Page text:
There are some, even among real Christians, who do not yet know the joy of service for the Saviour, because they have not been long enough bound apprentice to the Master. See, that work is very hard to that young lad. He has been only two or three months in that workshop; and, though he is trying his best, he does not succeed at it yet. But if he remains long enough by his master’s side, and learns of him, you will then see how deftly he will do it. Just as the master now does it, and makes little of it because he is accustomed to it, so will this lad, by-and-by, find it quite easy, and he will then wonder that he ever thought it to be difficult, and he will agree with his master that, after all, the yoke is easy, and the burden is light, because he has learned the knack of carrying it. When I am at Mentone, I frequently see women, with bare feet, tripping down from the hills, carrying a basket, perhaps full of lemons, and very likely with a child on the top of it. They never put up a hand to steady it, but they swing along, knitting their stockings as they come down the hill, using all their fingers for their work, and cheerily saying, “Good morning,” as they come by us. It is wonderful how they carry such a load. I could not even lift the basket which they carry on their heads. How is it that they can do it? I do not suppose they could tell you, but they have done it since they were girls, and they have kept doing it; and feeble as you Would suppose them to be, their strength has seemed to grow with the burden, and they are able to carry their load easily and cheerfully. So, when you come to Christ, and get rid of your old burden, he puts upon you his burden, and you keep with him, and learn of him till, at last, you also prove that his yoke is easy, and his burden is light.
I must ask you to go one step further with me. Tie who would enter to the full into the sweetness of this text must know Christ himself; for, observe, the Master puts himself into it: “I am meek and lowly in heart; and ye shall find rest unto your souls.” I do most firmly believe that there is nothing that makes such men of us as knowing the Son of man. After all, the sublimest science in the world is to know Christ; and, especially, to know the meaning of the wounds of Christ. The man, who has most studied the agony in the garden and on the cross, and who has most studied his Master in all conditions, will be the best fitted to be a burden-bearer, — either to serve or to suffer, according as God would have it. The very sight of Christ makes cowards brave. One glance at that blessed countenance of his, all besmeared with bloody sweat, makes us ashamed that we ever murmured, distrusted with ourselves that we counted anything a self-denial for his dear sake. When we see him so gentle under all reproaches, bearing even to be spit upon without an angry look or word, when we really begin to know his very heart, — that heart which was entirely subject to the will of God for our sakes, — ay, even for the sake of those who were his enemies, and who crucified, him; — knowing him thus, his yoke becomes indeed easy, and his burden becomes light. When the cross of Christ was fresh in the memory of his Church, she bore martyrdom for him with joy. His yoke then became so desirable that men even pressed into the court of justice to avow themselves Christians with the hope that they would be martyred. Men, did I say? Yes, and women and children also flocked in, and seemed as though they courted torture, for Christ’s yoke had grown so light and so easy, on account of their having known him. and his death being so fresh a thing. Oh, it was marvellous! They have handed down to us, by their traditions, enough to make us blush if ever we dream of shrinking from any service or suffering for the sake of the Master who loved us so much that he even died for us.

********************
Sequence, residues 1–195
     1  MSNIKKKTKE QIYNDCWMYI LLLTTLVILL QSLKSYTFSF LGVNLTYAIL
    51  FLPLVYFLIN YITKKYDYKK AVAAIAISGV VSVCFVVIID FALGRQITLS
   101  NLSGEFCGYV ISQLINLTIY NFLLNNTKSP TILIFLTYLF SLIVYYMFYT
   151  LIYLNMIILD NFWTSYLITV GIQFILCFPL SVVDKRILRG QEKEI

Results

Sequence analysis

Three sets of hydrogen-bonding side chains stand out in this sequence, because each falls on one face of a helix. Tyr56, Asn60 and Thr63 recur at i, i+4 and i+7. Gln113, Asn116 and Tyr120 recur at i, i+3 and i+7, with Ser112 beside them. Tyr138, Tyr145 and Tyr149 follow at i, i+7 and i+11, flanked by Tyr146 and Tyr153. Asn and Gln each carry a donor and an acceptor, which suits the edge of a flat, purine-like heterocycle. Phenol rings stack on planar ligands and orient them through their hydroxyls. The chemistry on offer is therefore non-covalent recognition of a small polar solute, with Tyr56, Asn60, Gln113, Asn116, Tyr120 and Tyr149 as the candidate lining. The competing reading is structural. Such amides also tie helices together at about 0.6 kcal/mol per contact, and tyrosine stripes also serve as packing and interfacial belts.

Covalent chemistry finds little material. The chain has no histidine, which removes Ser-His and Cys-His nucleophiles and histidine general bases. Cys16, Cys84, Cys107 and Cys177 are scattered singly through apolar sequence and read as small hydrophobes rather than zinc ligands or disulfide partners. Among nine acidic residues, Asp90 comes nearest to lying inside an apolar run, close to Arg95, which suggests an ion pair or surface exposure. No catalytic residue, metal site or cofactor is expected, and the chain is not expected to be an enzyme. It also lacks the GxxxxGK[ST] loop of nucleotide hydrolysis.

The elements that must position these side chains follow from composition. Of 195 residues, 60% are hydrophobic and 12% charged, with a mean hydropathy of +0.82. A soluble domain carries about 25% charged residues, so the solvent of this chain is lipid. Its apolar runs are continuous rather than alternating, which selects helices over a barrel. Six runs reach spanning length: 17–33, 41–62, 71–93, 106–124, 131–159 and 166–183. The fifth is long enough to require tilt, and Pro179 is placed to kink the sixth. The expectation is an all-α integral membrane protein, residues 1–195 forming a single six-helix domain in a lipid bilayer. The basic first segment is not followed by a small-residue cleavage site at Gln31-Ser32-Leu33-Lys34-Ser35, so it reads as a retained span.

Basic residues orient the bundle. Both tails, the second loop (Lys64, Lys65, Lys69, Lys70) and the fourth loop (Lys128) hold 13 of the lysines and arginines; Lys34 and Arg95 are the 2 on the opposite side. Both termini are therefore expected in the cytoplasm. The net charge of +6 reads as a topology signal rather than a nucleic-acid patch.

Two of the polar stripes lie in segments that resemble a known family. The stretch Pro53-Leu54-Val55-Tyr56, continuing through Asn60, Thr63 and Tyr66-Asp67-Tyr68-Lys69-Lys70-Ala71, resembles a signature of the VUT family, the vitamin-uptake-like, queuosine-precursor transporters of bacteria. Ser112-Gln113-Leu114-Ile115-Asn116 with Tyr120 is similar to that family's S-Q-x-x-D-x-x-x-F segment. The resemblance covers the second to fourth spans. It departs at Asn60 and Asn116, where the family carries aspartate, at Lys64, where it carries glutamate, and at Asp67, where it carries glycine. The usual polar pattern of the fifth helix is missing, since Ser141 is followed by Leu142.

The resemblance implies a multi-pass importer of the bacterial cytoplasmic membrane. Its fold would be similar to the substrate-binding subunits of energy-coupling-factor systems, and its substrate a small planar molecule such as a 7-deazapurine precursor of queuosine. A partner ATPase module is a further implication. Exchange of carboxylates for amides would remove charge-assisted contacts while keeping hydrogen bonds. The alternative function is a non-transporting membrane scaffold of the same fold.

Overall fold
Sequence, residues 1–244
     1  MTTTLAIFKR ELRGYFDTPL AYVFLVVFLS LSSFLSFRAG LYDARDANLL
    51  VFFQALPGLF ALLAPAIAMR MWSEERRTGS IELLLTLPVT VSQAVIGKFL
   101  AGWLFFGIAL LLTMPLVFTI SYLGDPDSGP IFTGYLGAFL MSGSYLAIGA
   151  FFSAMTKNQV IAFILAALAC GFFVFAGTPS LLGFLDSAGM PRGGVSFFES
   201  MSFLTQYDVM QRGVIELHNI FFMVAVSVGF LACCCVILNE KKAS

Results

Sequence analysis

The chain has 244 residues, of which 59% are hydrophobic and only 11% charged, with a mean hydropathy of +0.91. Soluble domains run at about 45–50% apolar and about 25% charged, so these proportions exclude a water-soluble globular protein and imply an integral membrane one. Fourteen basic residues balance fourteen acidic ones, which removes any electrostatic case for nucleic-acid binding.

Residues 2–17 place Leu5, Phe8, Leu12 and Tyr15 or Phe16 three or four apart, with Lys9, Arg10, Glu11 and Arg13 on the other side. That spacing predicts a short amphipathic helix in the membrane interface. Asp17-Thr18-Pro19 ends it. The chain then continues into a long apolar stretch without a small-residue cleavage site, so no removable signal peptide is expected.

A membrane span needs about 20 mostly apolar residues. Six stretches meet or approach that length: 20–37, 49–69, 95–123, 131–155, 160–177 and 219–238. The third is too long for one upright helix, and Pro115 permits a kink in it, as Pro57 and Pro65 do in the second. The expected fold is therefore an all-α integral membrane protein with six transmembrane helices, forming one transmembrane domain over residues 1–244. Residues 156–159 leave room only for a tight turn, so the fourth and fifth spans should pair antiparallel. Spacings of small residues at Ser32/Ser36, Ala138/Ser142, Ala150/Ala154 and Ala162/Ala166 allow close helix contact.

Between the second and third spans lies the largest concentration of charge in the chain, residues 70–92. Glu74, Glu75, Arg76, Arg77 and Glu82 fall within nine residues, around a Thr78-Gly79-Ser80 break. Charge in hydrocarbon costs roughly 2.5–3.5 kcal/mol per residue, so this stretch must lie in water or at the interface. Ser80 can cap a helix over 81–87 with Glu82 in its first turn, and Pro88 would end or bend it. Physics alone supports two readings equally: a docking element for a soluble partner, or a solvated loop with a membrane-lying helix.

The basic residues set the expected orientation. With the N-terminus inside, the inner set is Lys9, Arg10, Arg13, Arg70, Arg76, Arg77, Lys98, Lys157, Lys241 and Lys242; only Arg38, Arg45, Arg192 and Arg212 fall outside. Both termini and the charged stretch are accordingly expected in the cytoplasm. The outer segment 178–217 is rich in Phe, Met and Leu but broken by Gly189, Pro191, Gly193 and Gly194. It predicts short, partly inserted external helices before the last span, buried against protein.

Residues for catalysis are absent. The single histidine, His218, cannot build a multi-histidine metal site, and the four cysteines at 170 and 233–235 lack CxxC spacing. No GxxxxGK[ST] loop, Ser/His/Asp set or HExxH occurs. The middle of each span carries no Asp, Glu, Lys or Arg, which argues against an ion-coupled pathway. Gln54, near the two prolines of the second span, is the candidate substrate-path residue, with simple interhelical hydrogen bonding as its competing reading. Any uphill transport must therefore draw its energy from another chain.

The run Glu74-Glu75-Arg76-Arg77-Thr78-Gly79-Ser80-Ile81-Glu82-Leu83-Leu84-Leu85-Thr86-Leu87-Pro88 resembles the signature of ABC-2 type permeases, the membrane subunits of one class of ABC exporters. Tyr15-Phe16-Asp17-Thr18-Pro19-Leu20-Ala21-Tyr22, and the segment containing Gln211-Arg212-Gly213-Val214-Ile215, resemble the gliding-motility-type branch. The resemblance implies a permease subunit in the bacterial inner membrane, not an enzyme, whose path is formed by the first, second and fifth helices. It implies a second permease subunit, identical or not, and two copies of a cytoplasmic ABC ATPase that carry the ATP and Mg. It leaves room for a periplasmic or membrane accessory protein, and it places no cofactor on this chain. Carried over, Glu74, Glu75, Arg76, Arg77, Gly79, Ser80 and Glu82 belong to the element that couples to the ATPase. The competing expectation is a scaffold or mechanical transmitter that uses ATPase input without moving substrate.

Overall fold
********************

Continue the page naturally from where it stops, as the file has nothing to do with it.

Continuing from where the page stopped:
II. But now, secondly, — and may God the Holy Spirit help me to speak with power upon this important point! THERE IS A LITTLE WORD OF DISTINCTION IN THE TEXT WHICH VERY MUCH HELPS TO CLEAR IT.
Perhaps somebody says, “I do not find the yoke of life easy, or the burden of life light.” Christ does not say that they are; what he does say is, “My yoke is easy, and my burden is light.” What was Christ’s light burden, and what was Christ’s easy yoke? I believe that I might illustrate the text by saying that he thought thus of that yoke and that burden which he himself bore; — the yoke which rested upon the shoulders of “the Prince of the kings of the earth,” — the burden which lay on that blessed back which once wore the robe of universal empire. Never before was there such a yoke, or such a burden; but, for love of us, and for delight in what he should accomplish thereby, his yoke to him was easy, and his burden was light. For the joy that was set before him, he endured the cross, despising the shame. So, whenever you have to bear a yoke or a burden, count it easy for the same reason as Christ did. But it must be Christ’s yoke that we carry, for that alone will be easy to us.